Scottish Government
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Steps for Stress

Scots are being encouraged to take simple steps to tackle their everyday stress to help avoid developing more serious problems, as part of a Scottish Government campaign launched today.

Steps for Stress aims to help people recognise the signs of everyday stress, and offers advice and information on how to take action to help stop it in its tracks - such as being more active, talking to someone or helping other people.

Three quarters of people surveyed in government campaign research admit to experiencing stress, but only one in four feels happy to talk about it.

Public Health Minister Shona Robison launched Steps for Stress this morning by taking part in a meditation walk at the Cambuslang and Rutherglen Community Health Initiative (CHI).

Ms Robison said:

"Stress can affect everyone. We all have busy lives today, juggling work and family commitments, but by knowing how to spot the signs we can help ourselves feel better.

"If the causes and symptoms of stress are allowed to snowball, they can risk leading to other problems like unhealthy eating, drinking too much or heavy smoking.

"Steps for Stress shows us that even small steps like going for a walk - perhaps through an organisation like CHI - talking to a friend or doing something for someone else can make a big difference to how we feel."

One of the highlights of the campaign will be a six-part prime-time STV series, Make Me Happier, sponsored by the Scottish Government and presented by Lorraine Kelly and Angus Purden, presenter of the People's Postcode Lottery.

Ms Robison added:

"Using a TV series is an exciting new way to help spread the message, and together with the rest of the Steps for Stress campaign we hope it will make a real difference to people's wellbeing."

Fifty-four year old Christine Muirhead has benefited from the stress management techniques promoted at CHI. A stressful work life, unemployment and several family bereavements left the mum-of-two stressed, anxious and feeling like there was no point getting out of bed in the morning.

She said:

"My self esteem and confidence were really low and I basically lost interest in life. But I've learned that simple things like taking time to relax do make a difference. I also realised that I can't sort everything out at once and that setting myself small goals is better than rushing in.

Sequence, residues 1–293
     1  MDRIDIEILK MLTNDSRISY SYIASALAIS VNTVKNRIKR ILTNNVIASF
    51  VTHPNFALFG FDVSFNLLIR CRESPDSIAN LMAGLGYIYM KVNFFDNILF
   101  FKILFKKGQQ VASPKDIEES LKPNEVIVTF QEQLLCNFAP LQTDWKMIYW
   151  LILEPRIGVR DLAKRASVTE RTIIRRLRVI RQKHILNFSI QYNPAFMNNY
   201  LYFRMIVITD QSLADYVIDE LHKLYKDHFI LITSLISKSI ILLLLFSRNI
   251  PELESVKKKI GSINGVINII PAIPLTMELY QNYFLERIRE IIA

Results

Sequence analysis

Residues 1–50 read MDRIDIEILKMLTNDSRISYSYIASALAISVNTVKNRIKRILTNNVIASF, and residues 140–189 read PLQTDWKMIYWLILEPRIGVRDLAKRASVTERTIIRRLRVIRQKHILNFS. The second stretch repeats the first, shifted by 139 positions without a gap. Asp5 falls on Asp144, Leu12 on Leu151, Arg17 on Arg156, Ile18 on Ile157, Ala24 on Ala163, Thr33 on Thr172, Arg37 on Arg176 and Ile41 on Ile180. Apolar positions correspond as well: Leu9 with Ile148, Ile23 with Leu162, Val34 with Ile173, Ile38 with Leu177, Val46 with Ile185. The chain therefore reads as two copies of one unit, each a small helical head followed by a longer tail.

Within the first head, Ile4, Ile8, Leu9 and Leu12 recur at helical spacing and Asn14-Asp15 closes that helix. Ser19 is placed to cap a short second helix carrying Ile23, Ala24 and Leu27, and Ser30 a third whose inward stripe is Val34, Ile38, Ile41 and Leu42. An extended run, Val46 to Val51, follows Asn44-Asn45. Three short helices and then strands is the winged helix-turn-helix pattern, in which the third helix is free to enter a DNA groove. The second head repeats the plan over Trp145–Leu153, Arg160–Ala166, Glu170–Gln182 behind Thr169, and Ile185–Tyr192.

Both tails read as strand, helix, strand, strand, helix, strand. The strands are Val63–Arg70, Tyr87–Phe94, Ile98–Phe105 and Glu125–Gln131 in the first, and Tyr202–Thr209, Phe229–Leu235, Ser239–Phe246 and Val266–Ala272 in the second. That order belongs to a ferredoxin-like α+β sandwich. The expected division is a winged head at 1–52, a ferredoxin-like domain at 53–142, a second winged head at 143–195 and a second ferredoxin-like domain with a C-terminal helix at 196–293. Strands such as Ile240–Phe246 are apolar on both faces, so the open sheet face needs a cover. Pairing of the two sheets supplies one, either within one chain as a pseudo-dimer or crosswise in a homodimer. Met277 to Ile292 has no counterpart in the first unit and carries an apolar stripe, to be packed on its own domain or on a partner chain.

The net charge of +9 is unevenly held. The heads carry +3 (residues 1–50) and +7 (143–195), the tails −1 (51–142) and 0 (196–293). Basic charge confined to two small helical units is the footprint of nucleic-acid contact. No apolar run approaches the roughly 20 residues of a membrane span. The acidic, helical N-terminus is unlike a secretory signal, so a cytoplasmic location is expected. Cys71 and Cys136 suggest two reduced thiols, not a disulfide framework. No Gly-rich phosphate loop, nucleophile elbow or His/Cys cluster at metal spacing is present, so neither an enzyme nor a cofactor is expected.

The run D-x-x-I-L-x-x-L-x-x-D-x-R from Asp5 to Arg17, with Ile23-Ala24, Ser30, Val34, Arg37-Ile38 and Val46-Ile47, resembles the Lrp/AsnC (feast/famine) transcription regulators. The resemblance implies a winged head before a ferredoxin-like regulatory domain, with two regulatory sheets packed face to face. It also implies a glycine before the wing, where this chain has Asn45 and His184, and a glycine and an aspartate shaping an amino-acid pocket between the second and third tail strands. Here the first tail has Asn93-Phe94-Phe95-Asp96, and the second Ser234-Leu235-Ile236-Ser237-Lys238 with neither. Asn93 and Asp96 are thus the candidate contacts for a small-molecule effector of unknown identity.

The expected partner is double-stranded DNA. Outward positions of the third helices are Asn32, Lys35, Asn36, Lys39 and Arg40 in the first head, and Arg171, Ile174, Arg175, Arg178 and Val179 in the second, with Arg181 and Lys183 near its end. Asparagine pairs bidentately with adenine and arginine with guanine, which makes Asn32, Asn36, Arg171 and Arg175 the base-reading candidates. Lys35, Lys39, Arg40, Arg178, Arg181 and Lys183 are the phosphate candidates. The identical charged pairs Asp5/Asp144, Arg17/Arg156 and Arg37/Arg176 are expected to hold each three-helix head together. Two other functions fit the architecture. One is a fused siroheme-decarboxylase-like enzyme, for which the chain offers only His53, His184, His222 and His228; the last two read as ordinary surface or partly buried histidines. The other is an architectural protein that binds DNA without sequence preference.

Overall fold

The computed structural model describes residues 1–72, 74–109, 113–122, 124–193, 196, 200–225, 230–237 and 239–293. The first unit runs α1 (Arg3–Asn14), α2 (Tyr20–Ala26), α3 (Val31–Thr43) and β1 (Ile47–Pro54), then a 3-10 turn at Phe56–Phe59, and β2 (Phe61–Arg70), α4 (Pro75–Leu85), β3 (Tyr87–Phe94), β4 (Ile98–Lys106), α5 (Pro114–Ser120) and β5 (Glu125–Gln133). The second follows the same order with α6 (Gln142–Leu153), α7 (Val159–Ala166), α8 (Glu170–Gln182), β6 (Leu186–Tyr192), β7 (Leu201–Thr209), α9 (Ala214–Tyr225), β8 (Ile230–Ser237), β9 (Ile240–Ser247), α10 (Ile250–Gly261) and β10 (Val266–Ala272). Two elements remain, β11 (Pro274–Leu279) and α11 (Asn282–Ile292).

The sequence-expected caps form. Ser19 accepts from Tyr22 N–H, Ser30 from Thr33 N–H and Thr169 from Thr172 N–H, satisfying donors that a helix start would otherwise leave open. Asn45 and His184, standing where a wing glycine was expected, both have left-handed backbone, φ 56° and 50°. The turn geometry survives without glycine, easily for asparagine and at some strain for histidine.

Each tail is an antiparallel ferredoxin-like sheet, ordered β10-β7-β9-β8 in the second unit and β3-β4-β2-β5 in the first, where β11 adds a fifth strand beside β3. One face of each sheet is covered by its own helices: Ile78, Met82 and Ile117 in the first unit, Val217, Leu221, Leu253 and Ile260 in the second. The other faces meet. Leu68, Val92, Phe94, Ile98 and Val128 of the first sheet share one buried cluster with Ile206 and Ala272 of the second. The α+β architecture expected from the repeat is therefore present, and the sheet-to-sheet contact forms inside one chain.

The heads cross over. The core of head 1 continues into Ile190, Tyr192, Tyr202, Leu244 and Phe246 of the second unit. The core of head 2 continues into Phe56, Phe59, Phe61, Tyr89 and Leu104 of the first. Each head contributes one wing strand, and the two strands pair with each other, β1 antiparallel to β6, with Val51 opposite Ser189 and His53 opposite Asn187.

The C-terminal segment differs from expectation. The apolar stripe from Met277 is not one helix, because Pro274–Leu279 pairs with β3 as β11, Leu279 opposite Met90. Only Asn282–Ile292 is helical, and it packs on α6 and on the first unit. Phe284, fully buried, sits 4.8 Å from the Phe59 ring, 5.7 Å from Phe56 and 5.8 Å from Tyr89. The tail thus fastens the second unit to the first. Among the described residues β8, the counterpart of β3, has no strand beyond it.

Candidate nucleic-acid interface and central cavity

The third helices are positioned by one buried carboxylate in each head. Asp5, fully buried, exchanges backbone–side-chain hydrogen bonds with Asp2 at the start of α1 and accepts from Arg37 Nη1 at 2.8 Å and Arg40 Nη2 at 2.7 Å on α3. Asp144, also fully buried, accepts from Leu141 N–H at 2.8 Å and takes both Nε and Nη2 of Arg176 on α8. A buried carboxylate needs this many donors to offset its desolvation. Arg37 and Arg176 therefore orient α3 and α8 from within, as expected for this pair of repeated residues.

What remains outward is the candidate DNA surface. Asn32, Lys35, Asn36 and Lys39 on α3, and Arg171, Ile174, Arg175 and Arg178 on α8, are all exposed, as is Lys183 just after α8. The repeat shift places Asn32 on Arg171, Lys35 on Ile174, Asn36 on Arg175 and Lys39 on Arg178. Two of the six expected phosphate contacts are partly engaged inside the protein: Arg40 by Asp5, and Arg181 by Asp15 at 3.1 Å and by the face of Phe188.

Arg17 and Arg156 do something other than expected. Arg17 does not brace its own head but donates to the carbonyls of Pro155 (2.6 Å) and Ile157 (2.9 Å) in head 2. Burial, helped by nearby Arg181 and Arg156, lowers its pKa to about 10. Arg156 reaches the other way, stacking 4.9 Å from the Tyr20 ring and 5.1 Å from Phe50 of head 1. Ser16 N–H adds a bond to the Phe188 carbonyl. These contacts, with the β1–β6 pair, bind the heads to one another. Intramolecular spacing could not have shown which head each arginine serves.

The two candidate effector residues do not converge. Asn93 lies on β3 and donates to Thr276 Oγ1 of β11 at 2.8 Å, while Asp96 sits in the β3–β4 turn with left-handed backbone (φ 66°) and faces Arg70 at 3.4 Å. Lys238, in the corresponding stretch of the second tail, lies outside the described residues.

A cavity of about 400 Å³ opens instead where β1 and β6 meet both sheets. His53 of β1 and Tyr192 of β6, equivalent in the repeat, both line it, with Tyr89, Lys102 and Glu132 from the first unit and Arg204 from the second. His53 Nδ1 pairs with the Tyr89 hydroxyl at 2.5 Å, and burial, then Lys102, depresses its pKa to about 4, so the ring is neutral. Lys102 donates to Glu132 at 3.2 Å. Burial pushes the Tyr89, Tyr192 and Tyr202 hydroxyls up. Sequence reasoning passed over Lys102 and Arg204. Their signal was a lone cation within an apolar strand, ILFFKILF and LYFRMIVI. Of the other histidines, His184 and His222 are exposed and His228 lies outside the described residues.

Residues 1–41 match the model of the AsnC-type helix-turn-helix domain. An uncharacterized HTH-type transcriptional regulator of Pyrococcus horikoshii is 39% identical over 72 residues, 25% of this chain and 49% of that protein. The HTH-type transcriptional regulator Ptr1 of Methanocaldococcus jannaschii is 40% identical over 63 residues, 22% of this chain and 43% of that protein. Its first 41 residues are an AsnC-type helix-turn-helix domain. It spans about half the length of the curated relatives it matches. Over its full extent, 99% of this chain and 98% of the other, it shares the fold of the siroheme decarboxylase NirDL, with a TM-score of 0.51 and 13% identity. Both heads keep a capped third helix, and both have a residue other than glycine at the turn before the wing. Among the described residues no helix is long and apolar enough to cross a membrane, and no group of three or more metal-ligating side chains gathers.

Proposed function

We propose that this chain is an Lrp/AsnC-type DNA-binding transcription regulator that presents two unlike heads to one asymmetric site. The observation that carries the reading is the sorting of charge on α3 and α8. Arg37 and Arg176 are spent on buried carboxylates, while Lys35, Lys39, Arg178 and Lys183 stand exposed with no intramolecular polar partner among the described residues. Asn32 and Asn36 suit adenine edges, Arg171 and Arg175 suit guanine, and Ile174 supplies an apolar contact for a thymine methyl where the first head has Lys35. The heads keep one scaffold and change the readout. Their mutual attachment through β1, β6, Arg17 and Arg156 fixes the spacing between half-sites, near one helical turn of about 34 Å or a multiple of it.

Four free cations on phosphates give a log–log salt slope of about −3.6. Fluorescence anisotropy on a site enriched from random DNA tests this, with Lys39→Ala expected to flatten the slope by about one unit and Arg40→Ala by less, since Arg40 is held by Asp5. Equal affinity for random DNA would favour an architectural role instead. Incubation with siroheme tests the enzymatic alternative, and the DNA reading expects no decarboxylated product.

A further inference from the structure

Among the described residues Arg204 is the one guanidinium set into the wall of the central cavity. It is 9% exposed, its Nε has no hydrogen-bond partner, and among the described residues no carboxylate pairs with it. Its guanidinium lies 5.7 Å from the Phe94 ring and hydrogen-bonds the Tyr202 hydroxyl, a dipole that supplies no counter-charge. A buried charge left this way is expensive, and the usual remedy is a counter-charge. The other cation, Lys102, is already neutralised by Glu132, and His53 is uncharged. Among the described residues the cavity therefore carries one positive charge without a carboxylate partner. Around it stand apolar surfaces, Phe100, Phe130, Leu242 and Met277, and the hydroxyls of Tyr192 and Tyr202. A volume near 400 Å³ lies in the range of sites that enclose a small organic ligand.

"I now volunteer with a local fruit and veg barra, which offers local mums-to-be cheap fruit and veg so they can keep healthy during their pregnancy and after they've had their babies. I feel like I'm helping people and that makes me feel good about myself."

RCN Scotland Director Theresa Fyffe said:

"Stress is a very relevant issue right now. The combination of economic recession, winter, and the upcoming Christmas season will place pressure on many individuals and families over the next few months.

"Nurses and other health professionals - particularly those working in community and primary care - have a crucial role to play in raising awareness of the effects of stress, and in supporting people to identify and respond to their own signs of stress before more serious health issues result."

Peter Rice from the Royal College of Psychiatrists said:

"The Royal College of Psychiatrists is delighted to support the Steps for Stress campaign. Everyone needs to think about how to achieve and keep good mental health. Taking time to understand the demands we face, identifying and coping with problems better, using support from those close to us and using outside help when we need it are important steps in maintaining our ability to live life to its fullest."

Dr Ken Lawton, Chair of the Royal College of General Practitioners Scotland, said:

"Stress can affect all people, from all walks of life and it can have a very negative impact, affecting our physical and mental health.

"This can result in unhealthy behaviours such as drinking too much alcohol, smoking, inactivity and poor diet. This new campaign will offer individuals an opportunity to feel better and more confident about tackling issues or problems they may have. It will also help them to develop new skills to prevent stress in the future."

Dr Sally Winning, Deputy Chairman of the BMA in Scotland, said:

"Stress can open the door to a whole host of physical and mental problems that can affect individuals in the short and long term so it is important that people know how to recognise when they are stressed and to learn how to cope with stress in a healthy way.

"BMA Scotland therefore welcomes and supports the 'Steps for Stress' campaign which offers practical ideas that people can easily incorporate into their day to day lives."